Despite including Chevy products in many of the stories I do for my dot-com financial clients, I am not invited to the bulk of the media programs it throws. Consequently, I was doubly stoked when I received the nod to attend its recent performance-car-driving event in Palm Springs, Calif.
It was a first opportunity for me to get behind the wheel of the all-new Chevrolet SS sedan, as well as the 2014 Corvette Stingray and Camaro SS convertibles.
I made the two-and-a-half-hour slog to Atlanta to catch an 8:15 a.m. flight. To save you the time of doing the math, that meant pulling away from my house in Greenville, SC at 3:45 a.m. Normally I go out and raise a little cane on Tuesday evenings. In this instance, however, reason prevailed and I stayed home, hitting the sack around 9:30. I could wax on and on about age, wisdom and discretion, but that would be just so much claptrap. I basically stayed in to save a little money in anticipation of the wallet-emptying blowout my upcoming South Florida trip will be.
Delta upgraded me to First Class for the nearly four-hour flight to Salt Lake City. I knew I would be driving that afternoon when I landed; so, I reluctantly took a pass on the bar cart, amusing myself instead by watching a couple of free movies. Yes, I could have done some work, but couldn't muster sufficient motivation.
|I've spent a lot of time in the E concourse of the Salt Lake City Airport.|
Getting to Palm Springs via Delta required the aforementioned Salt Lake City leg plus a nearly two-hour segment south to Palm Springs. A wave of nostalgia washed over me when I reached the E concourse at Salt Lake for the connecting flight. The Three Amigos always wound up there for a connecting flight to Billings, MT on our legendary Eatons' Ranch boondoggles. We would have a celebratory beer in the little bar squeezed back in one corner of the terminal. I was getting all misty thinking about it.
|The old fountain notwithstanding, the front entrance of the Parker is anything but picturesque.|
Chevy put us up at the Parker, a mere five-minute drive from the Palm Springs Airport. This was once a Holiday Inn and hasn't strayed too far from those roots – except that, no doubt, it's more expensive, probably a lot more expensive. I was there for the cars and not the hotel, but the front entrance looks like the backside of a strip mall. It was clean, cozy and comfortable enough, though.
|The Parker's common-area lounge.|
Although there is nothing notable going on inside this structure, its gardens and outside areas spread out behind it are quite lovely.
|The Parker's sprawling gardens are beautiful.|
Getting coffee before the restaurant opens at 7 a.m. is a bit of a challenge. That's tough on East-Coast folks whose internal clocks may have them up and out of bed by 3 or 4 a.m. Parker has a small conference center and I suspect a coffee urn or two lying about somewhere, but apparently filling one up and setting it out for early risers never occurred to its management, or maybe it did. Let them eat cake!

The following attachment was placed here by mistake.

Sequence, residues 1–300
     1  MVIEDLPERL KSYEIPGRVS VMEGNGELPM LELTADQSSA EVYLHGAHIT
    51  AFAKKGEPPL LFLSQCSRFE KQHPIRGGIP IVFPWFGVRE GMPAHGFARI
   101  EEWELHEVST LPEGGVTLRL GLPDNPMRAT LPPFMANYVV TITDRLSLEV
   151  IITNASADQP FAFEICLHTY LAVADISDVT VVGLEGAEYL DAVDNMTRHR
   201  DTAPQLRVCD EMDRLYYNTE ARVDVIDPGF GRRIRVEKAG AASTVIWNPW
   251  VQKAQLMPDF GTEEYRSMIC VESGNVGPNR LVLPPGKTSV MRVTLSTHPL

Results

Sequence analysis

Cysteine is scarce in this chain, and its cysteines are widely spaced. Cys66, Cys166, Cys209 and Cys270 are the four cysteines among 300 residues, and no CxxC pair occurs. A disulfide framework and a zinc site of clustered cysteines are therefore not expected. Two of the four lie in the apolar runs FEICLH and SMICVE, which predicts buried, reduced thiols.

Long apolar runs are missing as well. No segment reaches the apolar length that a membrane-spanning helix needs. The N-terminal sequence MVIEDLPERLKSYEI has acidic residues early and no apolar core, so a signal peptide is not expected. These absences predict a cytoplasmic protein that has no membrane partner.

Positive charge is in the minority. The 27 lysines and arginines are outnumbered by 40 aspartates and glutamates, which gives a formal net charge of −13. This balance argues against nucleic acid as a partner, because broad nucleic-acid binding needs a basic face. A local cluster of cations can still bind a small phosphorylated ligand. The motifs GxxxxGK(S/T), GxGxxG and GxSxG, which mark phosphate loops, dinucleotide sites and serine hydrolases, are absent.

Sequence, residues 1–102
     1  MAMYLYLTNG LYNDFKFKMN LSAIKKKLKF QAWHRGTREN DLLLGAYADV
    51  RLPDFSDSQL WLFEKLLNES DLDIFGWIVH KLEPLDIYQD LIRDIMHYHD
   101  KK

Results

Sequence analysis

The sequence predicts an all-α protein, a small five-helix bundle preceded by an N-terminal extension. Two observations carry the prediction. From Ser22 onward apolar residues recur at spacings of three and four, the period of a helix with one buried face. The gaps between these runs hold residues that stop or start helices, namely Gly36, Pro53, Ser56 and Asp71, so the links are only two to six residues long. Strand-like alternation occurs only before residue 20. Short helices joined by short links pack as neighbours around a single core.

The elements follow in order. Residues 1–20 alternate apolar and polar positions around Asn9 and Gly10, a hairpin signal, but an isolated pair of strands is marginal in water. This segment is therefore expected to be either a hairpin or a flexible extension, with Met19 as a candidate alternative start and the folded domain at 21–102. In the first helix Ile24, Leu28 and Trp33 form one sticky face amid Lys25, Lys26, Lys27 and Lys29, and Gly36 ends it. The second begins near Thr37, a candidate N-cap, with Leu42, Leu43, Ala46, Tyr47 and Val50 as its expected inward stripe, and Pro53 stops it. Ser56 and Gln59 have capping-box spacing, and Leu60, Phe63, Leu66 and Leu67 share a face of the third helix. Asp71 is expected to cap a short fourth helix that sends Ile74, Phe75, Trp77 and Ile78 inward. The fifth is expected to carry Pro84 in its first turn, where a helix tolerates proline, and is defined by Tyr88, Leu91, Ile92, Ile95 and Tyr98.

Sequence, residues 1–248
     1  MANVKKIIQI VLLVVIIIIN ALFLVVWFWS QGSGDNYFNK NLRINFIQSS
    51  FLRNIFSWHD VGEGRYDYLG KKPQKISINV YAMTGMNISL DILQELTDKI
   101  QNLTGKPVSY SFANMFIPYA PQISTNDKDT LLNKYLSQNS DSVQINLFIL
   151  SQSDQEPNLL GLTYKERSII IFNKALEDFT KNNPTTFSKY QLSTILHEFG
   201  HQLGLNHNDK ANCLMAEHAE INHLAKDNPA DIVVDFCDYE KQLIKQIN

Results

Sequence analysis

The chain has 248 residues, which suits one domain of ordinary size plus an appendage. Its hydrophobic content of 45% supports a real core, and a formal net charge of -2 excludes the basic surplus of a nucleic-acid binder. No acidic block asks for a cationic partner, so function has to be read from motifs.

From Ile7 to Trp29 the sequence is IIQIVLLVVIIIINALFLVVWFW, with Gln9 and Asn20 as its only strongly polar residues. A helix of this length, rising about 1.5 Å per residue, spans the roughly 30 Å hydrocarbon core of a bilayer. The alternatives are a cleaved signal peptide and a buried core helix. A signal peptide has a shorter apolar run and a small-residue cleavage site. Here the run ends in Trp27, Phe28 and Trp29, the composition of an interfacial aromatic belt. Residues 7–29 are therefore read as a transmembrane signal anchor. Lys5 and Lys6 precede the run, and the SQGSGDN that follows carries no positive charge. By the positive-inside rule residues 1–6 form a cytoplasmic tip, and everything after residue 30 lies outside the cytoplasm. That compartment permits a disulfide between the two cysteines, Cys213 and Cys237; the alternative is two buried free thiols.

I was really fired up about driving the Chevy SS sedan. This marks the brand's first rear-wheel-drive sedan in almost two decades. Chevy pulled no punches with it. Assembled in Australia, it is based on the same Holden sedan as the now departed Pontiac G8. “Based on” being the key words here.
Chevy resisted the temptation of simply attaching a few new pieces and its bow-tie badge to the G8 to create the SS. Engineers at the event said roughly only 10 to 15 percent of the parts were carried over.
The essential 4-1-1 is that it's powered by a 6.2-liter V8 that delivers 415 hp and 415 lb.-ft. of torque. Chevy clocked its 0-to-60 time at about 4.5 seconds. A six-speed automatic with steering wheel-mounted shift paddles hands off engine grunt to the rear wheels. Front Brembo four-piston grabbers help with the braking assignments.
This is a full-size sedan in every respect. It has a spacious backseat with an ample trunk pass through. Its 16.4 cu.ft. trunk can swallow plenty of stuff.
There has been a lot of attention to detail inside the SS. Stitched-leather surfaces, suede-like inserts in the door panels and sport seats, and night-time blue ambient lighting all contribute to the interior's upscale feel.
One thing I really like about the SS is that there is only one trim level. When you see one, you don't have to look for some tell that identifies which engine or trim level it is. Every SS comes with the same engine, transmission and content. It is loaded with everything from a color head-up display and dual-zone automatic climate control to a nine-speaker Bose-infused audio system and heated/ventilated front seats. Every SS features Chevy's MyLink infotainment system, navigation system and an eight-inch color touchscreen.
On the safety front are forward collision alert, lane-departure warning, rear cross-traffic alert, side blind-zone alert, eight airbags, and rear backup camera.
I put more than 100 miles on the SS during my afternoon drive. Program planners laid out a drive route that was perhaps the most challenging I've ever driven in a sedan. I walked away from that drive with no doubts about its remarkable cornering capabilities. Well planted and outrageously predictable, it really hunkered down in the turns.
Chevy took us off site for dinner our
first night to Frank Sinatra's Palm Springs abode. I had been there a
couple of times before. It's surprisingly normal. At least parts of
it have been renovated since my last visit. After relating the story
of how the sink in the master bathroom was chipped from some sort of
altercation between the “Chairman of the Board” and one-time wife
Mia Farrow to a couple of people, I was dismayed to find the master
bath was one of the rooms that received a makeover. A little history
|If only these walls could speak...a bedroom in Frank's house.|
Stay tuned for my reactions to the Corvette Stingray and Camaro SS.